Smart Cities in Nigeria: Here's what it takes to become a smart city



As part of the 50th anniversary celebrations, Lagos is championing the transformation into a smart city and has been urged to fully embrace Information and Communications Technology (ICT), as the first step in building a smart city is to get widely accessible super-fast internet.

While there's no exact definitions for the fantastically smart city we've all been dreaming about or how it looks, how it'll work and what it'll do has been hugely catalogued.

The recent Lagos International Conference tagged: ‘Towards a Smart City’, ICT-Making Lagos the Technology Frontier of Africa, moderated by the Founder, MTech, Sheri Williams brought to the fore the fact that there is a need to develop infrastructure that will outlive the people, which the maintenance is paramount.

But Does the Governments have enough data?

The city of London, for instance, took public data sharing a step further by bringing together both public and private information, like performance of electric delivery vans, into a collection of more than 700 datasets.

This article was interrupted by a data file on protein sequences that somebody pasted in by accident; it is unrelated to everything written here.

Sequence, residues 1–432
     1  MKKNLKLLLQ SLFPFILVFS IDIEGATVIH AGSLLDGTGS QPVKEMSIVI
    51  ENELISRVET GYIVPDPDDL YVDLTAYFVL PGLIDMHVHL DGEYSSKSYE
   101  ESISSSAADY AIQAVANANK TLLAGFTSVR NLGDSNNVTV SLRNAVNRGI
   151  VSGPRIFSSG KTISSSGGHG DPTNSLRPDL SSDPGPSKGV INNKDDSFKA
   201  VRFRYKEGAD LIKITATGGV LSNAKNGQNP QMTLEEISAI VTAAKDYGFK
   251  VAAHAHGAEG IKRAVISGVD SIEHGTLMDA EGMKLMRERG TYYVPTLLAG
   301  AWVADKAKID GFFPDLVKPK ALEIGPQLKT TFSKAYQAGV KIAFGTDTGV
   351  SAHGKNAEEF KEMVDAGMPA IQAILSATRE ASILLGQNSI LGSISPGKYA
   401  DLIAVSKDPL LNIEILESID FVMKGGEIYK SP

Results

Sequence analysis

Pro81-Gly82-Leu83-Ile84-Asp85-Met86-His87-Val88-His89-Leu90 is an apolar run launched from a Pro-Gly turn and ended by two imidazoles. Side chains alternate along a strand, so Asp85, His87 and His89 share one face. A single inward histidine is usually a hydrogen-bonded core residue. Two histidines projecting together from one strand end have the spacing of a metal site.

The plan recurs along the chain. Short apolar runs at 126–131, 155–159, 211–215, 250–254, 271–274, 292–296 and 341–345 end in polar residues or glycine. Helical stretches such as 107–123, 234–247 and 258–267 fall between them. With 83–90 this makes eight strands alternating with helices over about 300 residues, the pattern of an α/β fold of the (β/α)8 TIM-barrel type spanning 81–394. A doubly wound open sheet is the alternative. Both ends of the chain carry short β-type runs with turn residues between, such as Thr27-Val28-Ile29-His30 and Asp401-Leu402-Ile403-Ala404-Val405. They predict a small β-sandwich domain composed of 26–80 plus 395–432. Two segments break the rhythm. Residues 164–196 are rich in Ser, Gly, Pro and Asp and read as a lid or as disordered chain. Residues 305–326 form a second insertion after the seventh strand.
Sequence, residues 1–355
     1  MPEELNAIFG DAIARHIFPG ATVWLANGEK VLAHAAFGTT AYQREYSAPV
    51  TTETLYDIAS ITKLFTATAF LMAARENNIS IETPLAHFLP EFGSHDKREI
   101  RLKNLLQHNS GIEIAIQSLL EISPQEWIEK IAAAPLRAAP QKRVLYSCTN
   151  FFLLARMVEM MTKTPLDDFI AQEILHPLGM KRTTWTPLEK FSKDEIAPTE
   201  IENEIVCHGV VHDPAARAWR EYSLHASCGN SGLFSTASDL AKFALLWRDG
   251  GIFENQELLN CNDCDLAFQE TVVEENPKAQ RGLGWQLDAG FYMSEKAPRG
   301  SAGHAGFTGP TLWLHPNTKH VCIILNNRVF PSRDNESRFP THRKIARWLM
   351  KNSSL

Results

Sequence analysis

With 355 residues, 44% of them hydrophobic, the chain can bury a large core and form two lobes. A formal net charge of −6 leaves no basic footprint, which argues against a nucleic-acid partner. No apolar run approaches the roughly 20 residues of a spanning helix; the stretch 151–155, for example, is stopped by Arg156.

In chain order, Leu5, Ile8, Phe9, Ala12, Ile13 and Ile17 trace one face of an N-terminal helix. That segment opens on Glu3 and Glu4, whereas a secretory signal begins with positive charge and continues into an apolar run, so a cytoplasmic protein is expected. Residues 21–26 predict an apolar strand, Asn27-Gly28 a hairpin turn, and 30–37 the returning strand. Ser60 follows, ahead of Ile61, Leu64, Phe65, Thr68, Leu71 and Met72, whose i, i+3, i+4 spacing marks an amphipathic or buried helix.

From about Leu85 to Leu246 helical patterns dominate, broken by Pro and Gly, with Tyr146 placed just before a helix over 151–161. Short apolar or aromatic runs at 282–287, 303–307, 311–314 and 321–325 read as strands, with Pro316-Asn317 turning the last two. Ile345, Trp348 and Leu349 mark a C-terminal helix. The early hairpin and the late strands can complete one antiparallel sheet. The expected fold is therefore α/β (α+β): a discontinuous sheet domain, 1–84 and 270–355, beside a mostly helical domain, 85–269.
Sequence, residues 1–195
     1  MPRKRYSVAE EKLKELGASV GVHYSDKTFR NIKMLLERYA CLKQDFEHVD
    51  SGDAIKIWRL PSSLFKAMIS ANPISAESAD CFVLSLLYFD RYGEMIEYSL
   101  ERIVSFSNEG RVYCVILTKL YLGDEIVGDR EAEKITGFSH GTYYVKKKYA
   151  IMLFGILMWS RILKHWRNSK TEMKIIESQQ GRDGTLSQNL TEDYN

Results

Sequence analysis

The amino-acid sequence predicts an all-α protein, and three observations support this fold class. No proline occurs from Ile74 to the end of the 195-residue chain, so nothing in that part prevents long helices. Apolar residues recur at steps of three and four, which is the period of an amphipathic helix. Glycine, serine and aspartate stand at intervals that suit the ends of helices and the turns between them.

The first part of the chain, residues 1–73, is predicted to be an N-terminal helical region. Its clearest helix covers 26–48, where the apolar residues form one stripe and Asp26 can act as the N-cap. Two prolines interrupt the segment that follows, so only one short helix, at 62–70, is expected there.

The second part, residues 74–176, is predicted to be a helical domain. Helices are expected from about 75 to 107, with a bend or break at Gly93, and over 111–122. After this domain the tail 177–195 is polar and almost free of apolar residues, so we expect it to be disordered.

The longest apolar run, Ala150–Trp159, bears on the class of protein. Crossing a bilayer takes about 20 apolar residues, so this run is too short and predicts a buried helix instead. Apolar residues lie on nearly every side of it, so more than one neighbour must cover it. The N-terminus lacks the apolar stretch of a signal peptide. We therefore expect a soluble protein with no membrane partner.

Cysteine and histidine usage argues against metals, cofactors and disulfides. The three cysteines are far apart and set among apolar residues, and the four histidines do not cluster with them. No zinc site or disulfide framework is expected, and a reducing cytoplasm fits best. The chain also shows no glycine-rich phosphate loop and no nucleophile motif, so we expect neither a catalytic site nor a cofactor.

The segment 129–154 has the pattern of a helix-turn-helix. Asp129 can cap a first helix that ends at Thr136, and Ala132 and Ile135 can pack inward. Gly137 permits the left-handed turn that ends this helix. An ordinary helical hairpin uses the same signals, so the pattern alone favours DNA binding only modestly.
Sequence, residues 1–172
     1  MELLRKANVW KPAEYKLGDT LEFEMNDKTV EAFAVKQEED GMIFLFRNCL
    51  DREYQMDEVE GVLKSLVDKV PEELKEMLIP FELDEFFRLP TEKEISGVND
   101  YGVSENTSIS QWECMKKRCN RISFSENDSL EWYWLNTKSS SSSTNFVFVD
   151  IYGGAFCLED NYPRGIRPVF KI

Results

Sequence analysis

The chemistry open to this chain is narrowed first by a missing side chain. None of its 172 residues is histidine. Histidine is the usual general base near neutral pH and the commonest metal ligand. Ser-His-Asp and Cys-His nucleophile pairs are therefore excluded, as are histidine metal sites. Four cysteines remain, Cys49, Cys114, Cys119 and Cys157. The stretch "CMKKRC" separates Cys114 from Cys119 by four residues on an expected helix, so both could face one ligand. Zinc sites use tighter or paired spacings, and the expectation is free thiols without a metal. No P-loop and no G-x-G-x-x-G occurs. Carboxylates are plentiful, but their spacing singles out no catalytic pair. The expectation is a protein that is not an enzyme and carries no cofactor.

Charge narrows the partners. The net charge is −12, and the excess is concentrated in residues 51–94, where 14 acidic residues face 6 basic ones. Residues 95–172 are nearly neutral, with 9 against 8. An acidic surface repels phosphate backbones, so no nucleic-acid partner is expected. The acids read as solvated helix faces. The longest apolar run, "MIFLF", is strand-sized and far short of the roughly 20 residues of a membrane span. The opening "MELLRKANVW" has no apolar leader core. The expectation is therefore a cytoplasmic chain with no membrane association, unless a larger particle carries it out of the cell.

Such information can help the government and businesses better predict things like traffic, or when internet connectivity might be constrained; even novel ideas as where it might be best to install a new electric-vehicle charging station.

Why Internet is the first step

To get widely accessible super-fast internet, something even advance cities like San Francisco are still working on, requires collecting accurate information, which can commence by curating and publishing data in easy, downloadable formats.

And one proven way to collect data is by attaching GPS location trackers and putting them on live updating maps so residents can easily access them for early warning signals, in cases of emergency.

Another instance where GPS location is employed is tracking daily route pattern, which will allowing public officials to work with other city department to change traffic patterns.

Some Smart utilities

Innovation accelerator Labs can be setup to monitor drainage systems as part of an effort to avoid flooding which is currently ravaging the city of Lagos.

Albeit, the biggest challenge in build a smart city is finding the funds to make it happen.

That's where the so-called Public Private Partnership (PPP) initiative can be effectively employed, and the PPP-led model of funding requires a framework for it to work.
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